Personal Injury Lawyer
Courts refer to a death that is caused without legal justification as a wrongful death. Self-defense is an example of a legal justification for causing a death.
Some wrongful deaths are caused intentionally, while others result from negligence. In some cases, such as a shooting in an apartment building, the shooter might be responsible for intentionally causing a death, while the building owner’s negligence might be a contributing cause of a wrongful death.
For example, people who rent an apartment in a security locked building have the right to expect that the locks will be maintained. The building owner’s failure to repair a broken lock might make it possible for a shooter to enter the building who has no business being there. Under those circumstances, courts typically recognize the owner’s shared responsibility for a wrongful death.
The failure to install and maintain adequate lighting in the apartment building parking lot is another example of negligence that might contribute to a wrongful death. A dark parking lot invites crime. Some of those crimes end with death from a shooting.
State Laws Govern Wrongful Death Cases After a Shooting at an Apartment
Each state recognizes the right to sue a person who caused or contributed to a wrongful death. However, state laws vary in many ways. The factors that govern compensation depend on state law. Some states allow relatives to recover compensation for their own pain and suffering because of a loved one’s death, while other states limit compensation to a family member’s loss of financial support and companionship.
Who can bring a wrongful death claim is also a function of state law. No state allows someone to bring a wrongful death lawsuit who has no relationship to the deceased shooting victim. The families of shooting victims should consult a security negligence and shooting lawyer to determine who can bring a wrongful death case.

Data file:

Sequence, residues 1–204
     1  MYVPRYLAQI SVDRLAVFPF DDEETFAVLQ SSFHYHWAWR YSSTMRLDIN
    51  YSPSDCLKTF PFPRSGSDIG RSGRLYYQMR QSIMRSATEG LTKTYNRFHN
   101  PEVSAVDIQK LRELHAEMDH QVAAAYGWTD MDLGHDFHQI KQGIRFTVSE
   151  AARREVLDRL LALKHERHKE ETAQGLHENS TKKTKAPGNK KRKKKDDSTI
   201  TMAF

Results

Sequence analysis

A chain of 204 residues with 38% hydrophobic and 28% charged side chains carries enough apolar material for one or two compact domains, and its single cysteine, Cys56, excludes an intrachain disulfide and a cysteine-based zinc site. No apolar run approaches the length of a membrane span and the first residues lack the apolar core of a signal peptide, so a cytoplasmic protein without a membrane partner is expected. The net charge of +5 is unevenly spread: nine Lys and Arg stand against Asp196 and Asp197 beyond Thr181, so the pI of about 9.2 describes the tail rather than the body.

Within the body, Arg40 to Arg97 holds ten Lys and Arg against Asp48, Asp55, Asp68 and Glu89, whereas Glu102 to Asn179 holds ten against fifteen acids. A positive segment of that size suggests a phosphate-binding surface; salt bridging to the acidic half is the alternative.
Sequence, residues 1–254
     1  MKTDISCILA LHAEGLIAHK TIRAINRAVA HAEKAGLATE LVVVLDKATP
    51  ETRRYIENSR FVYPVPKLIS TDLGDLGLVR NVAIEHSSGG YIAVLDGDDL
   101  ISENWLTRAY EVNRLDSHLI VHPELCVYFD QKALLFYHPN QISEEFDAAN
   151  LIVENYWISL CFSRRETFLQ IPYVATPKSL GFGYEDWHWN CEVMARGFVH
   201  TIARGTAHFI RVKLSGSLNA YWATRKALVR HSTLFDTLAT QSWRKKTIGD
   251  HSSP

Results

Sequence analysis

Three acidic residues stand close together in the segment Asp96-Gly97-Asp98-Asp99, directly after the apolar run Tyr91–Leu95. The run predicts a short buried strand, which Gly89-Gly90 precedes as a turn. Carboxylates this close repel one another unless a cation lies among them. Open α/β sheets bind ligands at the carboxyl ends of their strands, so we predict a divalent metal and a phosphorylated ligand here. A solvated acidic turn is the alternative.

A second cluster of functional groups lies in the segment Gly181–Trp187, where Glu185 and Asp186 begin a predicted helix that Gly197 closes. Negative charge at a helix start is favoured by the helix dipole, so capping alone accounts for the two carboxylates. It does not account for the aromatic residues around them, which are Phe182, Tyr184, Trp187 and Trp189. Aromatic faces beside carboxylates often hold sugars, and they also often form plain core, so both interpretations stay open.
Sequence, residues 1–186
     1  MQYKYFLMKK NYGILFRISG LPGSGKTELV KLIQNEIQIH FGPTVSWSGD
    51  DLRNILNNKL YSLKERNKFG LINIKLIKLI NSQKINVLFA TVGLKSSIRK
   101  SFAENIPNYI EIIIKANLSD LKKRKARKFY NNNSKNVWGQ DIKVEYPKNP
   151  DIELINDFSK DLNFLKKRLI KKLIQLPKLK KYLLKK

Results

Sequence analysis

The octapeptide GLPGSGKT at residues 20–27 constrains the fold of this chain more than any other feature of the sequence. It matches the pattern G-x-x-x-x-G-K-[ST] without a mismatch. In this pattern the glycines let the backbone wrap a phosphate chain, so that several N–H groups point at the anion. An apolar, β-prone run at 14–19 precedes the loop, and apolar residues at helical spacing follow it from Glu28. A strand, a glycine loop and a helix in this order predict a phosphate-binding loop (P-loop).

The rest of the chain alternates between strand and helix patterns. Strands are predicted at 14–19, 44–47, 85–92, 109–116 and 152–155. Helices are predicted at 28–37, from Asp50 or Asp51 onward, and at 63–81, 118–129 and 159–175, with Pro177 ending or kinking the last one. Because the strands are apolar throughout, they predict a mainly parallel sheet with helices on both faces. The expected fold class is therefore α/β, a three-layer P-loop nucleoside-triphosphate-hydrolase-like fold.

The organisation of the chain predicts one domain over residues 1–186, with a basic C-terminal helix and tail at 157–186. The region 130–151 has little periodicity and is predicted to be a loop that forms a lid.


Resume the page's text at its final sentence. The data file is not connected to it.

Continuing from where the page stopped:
People Who Can Bring a Wrongful Death Case After a Shooting at an Apartment
States generally take one of two approaches to the initiation of wrongful death lawsuits. Some states require the claim to be brought by the shooting victim’s estate. Other states allow family members to bring or join in the claim.
When the estate brings the claim, it is initiated by the shooting victim’s personal representative (known as an executor in some states). When family members bring the claim, state law might require one family member to bring the claim on behalf of all family members who are eligible to share compensation, or it might require all family members to participate in the lawsuit.
Whether the case is brought by the estate, one family member, or all eligible family members, states typically allow only one wrongful death claim. Everyone who has the right to recover wrongful death compensation must typically join in the same lawsuit. Some states allow relatives to opt out of a lawsuit, but doing so generally extinguishes their right to bring a separate claim.
Not all relatives can bring or participate in a wrongful death claim. Every state allows the victim’s spouse and minor children to recover compensation for a wrongful death. Some states allow adult children and parents to participate in the claim as well.
Some states allow relatives other than the spouse and minor children to share wrongful death compensation if they depended on the shooting victim for financial support. When only the estate can bring the claim, compensation is divided according to the terms of the victim’s will, or pursuant to state law that governs distribution of the estate of a person who dies without a will.
Determining who can bring or participate in a wrongful death claim can be complex. A wrongful death lawyer can advise families of shooting victims how to protect their rights.